Decreased IRS-2 and increased SREBP-1c lead to mixed insulin resistance and sensitivity in livers of lipodystrophic and ob/ob mice

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Abstract

In mice with too little fat (lipodystrophy) or too much fat (ob/ob), leptin deficiency leads to hyperglycemia, hyperinsulinemia, and insulin resistance. In both disorders, the liver overproduces glucose as a result of resistance to the normal action of insulin in repressing mRNAs for gluconeogenic enzymes. Here we show that chronic hyperinsulinemia downregulates the mRNA for IRS-2, an essential component of the insulin-signaling pathway in liver, thereby producing insulin resistance. Despite IRS-2 deficiency, insulin continues to stimulate production of SREBP-1c, a transcription factor that activates fatty acid synthesis. The combination of insulin resistance (inappropriate gluconeogenesis) and insulin sensitivity (elevated lipogenesis) establishes a vicious cycle that aggravates hyperinsulinemia and insulin resistance in lipodystrophic and ob/ob mice.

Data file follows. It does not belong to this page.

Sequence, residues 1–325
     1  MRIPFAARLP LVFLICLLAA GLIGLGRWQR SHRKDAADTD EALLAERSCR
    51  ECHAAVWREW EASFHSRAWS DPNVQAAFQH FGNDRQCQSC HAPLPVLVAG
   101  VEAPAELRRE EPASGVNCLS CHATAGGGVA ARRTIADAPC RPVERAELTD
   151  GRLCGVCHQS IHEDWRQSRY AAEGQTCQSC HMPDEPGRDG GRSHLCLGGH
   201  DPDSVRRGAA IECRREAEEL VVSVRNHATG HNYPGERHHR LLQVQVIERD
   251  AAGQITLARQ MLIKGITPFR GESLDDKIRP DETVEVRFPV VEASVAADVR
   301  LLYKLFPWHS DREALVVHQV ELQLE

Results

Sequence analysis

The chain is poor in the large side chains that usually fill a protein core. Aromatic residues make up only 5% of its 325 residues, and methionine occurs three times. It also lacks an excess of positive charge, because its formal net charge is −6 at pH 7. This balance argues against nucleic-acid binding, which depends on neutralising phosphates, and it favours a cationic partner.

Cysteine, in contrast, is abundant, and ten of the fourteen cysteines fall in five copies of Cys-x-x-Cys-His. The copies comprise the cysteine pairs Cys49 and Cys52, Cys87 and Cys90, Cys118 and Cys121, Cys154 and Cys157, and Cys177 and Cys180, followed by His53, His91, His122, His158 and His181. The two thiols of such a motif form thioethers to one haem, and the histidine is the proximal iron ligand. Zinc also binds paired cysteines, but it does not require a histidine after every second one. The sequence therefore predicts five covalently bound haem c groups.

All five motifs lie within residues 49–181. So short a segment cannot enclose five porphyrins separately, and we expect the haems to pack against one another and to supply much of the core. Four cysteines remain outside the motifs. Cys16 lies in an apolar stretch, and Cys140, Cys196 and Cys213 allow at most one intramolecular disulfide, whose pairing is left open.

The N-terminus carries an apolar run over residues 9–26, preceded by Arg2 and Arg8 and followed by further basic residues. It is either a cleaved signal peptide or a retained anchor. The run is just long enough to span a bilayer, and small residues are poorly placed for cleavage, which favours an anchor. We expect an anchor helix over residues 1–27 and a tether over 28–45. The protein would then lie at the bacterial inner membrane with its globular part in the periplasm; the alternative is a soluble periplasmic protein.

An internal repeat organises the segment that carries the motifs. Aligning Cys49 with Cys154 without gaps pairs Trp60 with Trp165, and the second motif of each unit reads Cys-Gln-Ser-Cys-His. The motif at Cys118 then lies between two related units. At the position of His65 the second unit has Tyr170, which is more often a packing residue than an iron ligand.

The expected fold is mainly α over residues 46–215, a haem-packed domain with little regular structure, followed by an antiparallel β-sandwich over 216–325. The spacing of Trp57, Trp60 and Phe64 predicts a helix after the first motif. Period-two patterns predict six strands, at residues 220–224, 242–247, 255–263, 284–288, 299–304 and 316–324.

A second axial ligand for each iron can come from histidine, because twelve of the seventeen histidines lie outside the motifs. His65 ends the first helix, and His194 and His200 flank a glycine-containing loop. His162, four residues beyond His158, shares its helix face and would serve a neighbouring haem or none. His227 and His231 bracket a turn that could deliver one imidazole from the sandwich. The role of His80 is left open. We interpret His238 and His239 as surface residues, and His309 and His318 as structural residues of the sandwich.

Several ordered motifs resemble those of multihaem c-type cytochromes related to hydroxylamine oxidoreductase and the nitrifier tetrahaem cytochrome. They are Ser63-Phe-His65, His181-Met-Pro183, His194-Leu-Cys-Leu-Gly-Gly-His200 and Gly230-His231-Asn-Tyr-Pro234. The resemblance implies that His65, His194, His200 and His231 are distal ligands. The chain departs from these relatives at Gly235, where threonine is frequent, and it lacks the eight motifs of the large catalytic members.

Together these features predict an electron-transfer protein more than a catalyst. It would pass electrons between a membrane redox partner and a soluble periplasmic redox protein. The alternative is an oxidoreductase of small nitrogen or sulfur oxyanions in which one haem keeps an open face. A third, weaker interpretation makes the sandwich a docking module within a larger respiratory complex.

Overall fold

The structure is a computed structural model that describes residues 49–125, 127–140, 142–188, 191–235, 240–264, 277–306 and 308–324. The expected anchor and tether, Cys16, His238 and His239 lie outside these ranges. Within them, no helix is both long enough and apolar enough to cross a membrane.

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Shimomura, I., Matsuda, M., Hammer, R. E., Bashmakov, Y., Brown, M. S., & Goldstein, J. L. (2000). Decreased IRS-2 and increased SREBP-1c lead to mixed insulin resistance and sensitivity in livers of lipodystrophic and ob/ob mice. Molecular Cell, 6(1), 77–86. https://doi.org/10.1016/S1097-2765(05)00010-9

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